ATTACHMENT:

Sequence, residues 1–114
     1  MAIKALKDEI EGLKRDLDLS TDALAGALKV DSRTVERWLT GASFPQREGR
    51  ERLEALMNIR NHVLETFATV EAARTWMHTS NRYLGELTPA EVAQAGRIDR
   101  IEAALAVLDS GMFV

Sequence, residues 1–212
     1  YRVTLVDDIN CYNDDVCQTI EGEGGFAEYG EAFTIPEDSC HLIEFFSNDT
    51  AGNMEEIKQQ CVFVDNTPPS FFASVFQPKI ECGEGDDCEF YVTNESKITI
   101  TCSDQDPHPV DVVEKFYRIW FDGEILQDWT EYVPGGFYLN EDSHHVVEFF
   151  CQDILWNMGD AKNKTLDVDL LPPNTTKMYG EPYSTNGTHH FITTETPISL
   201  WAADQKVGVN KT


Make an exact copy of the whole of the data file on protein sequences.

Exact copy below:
Sequence, residues 1–114
     1  MAIKALKDEI EGLKRDLDLS TDALAGALKV DSRTVERWLT GASFPQREGR
    51  ERLEALMNIR NHVLETFATV EAARTWMHTS NRYLGELTPA EVAQAGRIDR
   101  IEAALAVLDS GMFV

Sequence, residues 1–212
     1  YRVTLVDDIN CYNDDVCQTI EGEGGFAEYG EAFTIPEDSC HLIEFFSNDT
    51  AGNMEEIKQQ CVFVDNTPPS FFASVFQPKI ECGEGDDCEF YVTNESKITI
   101  TCSDQDPHPV DVVEKFYRIW FDGEILQDWT EYVPGGFYLN EDSHHVVEFF
   151  CQDILWNMGD AKNKTLDVDL LPPNTTKMYG EPYSTNGTHH FITTETPISL
   201  WAADQKVGVN KT